It seems a simple question.  But far too regularly, when people enter into a contract for sale, the wrong Buyer has been documented and this simple and avoidable error can be very costly to rectify.  To give an indication to the additional costs; we mean extra, sometimes double, Transfer Duty.

So how do you avoid documenting the wrong Buyer and incurring those additional costs?

The most important thing to do is to not rush into a contract for sale without giving careful thought to the transaction.

The three most likely forms a Buyer will take are:

  • An individual or individuals;
  • A Company in its own right; or
  • A Trustee (either person/s or a Company) as Trustee on behalf of a Trust.

BEFORE you put any pen to paper consider which entity or person the Buyer should be.

For example, if it is your intention for a Trustee to purchase a property on behalf of a Trust, ensure that this relationship is documented in the contract and that the Trust is actually formed.  A classic error is where an individual is a Trustee of a Trust and they enter into a contract for sale in their own name, thinking this is sufficient for what they are trying to achieve.  This is not the case.  If an individual is a Trustee of a Trust the contract must acknowledge the Trustee relationship.  Many peoples misconception around this area is because WA is one of the few states which does not recognise when land is held on Trust on a Certificate of Title.  This does not mean however, that this relationship can be overlooked in the contract.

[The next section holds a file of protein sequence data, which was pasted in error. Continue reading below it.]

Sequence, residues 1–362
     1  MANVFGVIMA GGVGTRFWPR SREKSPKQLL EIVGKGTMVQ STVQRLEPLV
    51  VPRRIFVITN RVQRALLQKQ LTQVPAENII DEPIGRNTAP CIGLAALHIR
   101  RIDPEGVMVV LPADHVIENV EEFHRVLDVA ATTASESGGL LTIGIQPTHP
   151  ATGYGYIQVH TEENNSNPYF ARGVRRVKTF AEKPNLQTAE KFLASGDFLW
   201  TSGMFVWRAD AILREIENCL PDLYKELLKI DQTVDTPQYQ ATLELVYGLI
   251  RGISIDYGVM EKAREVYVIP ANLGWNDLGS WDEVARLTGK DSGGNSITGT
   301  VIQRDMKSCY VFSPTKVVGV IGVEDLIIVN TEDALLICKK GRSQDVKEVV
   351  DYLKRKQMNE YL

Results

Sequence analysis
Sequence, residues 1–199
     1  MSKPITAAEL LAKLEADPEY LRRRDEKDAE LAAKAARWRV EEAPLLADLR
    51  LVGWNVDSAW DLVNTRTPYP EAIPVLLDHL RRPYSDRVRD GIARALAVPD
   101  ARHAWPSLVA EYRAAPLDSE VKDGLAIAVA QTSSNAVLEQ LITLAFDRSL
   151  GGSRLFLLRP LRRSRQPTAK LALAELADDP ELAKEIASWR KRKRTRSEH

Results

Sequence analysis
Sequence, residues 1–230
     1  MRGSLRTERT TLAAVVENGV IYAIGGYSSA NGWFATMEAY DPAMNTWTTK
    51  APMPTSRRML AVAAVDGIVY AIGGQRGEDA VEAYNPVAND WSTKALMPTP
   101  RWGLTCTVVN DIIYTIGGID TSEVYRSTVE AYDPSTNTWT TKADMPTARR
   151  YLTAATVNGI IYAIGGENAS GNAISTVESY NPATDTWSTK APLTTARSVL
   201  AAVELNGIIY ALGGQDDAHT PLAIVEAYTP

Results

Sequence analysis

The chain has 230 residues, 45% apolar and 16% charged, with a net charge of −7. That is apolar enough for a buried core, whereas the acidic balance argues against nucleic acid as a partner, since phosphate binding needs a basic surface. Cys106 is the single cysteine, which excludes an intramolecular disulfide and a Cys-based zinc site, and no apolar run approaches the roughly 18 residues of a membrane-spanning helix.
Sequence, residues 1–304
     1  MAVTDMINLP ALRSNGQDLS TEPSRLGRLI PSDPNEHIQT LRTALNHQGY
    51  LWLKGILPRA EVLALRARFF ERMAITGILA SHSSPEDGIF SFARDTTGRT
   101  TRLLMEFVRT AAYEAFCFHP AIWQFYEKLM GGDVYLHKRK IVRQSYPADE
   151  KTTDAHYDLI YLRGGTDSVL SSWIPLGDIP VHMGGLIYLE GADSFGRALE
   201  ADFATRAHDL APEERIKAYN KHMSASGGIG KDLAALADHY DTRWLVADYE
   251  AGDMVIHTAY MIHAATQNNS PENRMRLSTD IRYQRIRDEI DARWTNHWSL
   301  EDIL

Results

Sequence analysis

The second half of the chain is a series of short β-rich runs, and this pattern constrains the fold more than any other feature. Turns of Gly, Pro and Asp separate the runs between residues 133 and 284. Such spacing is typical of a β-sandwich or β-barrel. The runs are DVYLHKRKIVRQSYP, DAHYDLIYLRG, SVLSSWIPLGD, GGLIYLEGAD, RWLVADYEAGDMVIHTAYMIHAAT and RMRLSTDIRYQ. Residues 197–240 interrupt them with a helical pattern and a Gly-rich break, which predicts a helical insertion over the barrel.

If you do not possess sufficient evidence, i.e. a contract for sale acknowledging the land was purchased on behalf of a Trust, you may find it difficult to vest that land out of the Trust at a later date and capitalise on the nominal Transfer Duty applicable when vesting to a beneficiary of a Trust.  If you cannot prove that the Trust held the land in the first place you may be subject to Transfer Duty on this transaction.

The take home advice is, if you are considering entering into a contract for sale we recommend that you seek legal advice if you are unsure of “who is the Buyer”.

WA Property Lawyers are well placed to answer any queries you have in regard to contracts for sale and we also have a very experienced settlements department who can assist you with the settlement of any property, be it large or small.